Commander Rick Husband, Pilot Willie McCool, Mission Specialists Dave Brown, Kalpana Chawla, Michael Anderson and Laurel Clark, and Israel Space Agency Payload Specialist Ilan Ramon fielded questions about how their shuttle was performing as a research laboratory, their work in support of the STS-107 mission's 80 different experiments and preparations for Saturday's planned landing.
"The science we're doing here is great and it's fantastic," said Anderson, the payload commander, "it's leading edge. But I think once we get a seven-member crew on board the space station you're really going to see some outstanding science in space. A lot of experiments that we have are really just being demonstrated and developed. Once they're fully developed they'll reside on board the space station and the scientists ... will have years to conduct the experiments that we're trying to do here in a relatively short period of time."
Ramon reported that dust storms off the east coast of Africa were scarce for the first week of the flight, but that a giant dust storm kicked up over the Atlantic and lasted three days, providing ample observations for the Mediterranean Israeli Dust Experiment. He voiced wishes for peace in his area of the world from 180 miles above.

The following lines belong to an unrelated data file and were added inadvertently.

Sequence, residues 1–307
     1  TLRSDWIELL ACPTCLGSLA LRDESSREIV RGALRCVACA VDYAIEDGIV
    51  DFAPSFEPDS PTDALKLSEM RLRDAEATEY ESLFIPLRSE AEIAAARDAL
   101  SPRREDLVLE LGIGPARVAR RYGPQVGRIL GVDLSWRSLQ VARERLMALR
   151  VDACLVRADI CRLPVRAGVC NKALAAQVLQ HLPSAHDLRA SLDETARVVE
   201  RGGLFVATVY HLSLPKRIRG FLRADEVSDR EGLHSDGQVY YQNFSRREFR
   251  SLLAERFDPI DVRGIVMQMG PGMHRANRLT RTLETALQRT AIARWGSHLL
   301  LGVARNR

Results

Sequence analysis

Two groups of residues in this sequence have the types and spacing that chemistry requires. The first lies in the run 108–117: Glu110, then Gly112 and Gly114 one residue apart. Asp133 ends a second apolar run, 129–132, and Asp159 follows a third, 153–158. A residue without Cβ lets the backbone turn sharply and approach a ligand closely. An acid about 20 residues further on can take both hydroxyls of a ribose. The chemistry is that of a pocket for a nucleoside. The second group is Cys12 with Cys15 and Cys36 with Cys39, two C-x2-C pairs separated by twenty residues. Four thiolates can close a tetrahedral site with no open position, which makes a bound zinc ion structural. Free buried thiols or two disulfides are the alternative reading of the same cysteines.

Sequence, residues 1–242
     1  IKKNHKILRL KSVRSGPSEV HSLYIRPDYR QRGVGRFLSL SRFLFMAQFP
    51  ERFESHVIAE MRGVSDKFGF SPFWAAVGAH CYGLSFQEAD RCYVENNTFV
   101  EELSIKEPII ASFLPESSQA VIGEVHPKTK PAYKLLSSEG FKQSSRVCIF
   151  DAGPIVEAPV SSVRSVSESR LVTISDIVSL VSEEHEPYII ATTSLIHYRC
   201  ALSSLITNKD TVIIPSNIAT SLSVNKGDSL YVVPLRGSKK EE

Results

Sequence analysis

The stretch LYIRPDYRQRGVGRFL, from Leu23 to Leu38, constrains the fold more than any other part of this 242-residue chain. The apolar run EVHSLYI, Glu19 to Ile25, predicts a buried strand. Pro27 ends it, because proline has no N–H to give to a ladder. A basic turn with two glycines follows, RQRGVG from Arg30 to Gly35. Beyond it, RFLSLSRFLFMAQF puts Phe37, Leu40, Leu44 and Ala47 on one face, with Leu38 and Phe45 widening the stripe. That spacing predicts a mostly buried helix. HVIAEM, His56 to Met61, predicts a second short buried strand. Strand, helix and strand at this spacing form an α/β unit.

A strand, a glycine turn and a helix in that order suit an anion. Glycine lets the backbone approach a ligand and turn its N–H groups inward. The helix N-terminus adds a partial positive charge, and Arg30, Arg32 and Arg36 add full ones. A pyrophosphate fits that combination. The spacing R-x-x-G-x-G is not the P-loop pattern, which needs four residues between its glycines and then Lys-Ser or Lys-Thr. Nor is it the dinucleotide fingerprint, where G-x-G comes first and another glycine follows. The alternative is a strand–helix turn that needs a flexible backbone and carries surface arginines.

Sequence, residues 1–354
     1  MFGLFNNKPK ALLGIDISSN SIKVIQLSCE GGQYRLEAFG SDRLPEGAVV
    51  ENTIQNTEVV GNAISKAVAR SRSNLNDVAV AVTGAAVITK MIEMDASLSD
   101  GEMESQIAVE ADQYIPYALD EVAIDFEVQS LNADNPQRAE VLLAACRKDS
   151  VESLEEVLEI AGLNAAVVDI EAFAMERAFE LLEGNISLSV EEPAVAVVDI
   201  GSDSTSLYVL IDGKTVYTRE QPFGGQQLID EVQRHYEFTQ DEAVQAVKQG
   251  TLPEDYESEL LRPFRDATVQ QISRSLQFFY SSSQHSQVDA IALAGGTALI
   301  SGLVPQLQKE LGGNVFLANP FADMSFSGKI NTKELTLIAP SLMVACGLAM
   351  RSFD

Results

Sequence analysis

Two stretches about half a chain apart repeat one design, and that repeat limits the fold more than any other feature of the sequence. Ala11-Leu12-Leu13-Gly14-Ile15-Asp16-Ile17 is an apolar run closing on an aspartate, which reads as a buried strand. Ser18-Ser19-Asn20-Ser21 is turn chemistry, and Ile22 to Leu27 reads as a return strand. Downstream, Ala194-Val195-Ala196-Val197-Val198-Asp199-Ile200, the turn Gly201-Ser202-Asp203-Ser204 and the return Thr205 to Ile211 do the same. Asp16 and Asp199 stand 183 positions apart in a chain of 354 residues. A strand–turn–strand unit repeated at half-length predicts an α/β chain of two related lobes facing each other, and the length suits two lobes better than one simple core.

"The world looks marvelous from up here, so peaceful, so wonderful and so fragile," Ramon said. "The atmosphere is so thin and fragile, and I think all of us have to keep it clean and good. It saves our life and gives our life."
After a 2:39 p.m. CST Blue Team wake-up to the sounds of John Lennon singing "Imagine," McCool and Ramon said their observations from orbit reveal no borders on the Earth below and reiterated in both English and Hebrew their hopes for peace in the world.
Initial tests in the Combustion Module Facility with the newly revitalized Water Mist Fire Suppression Experiment took center stage today, with 14 sample runs completed after Chawla fixed a balky seal in the combustion module yesterday. Another 20 runs are planned before the end of the mission on tests designed to learn exactly how the water interacts with flames as it is extinguishing them.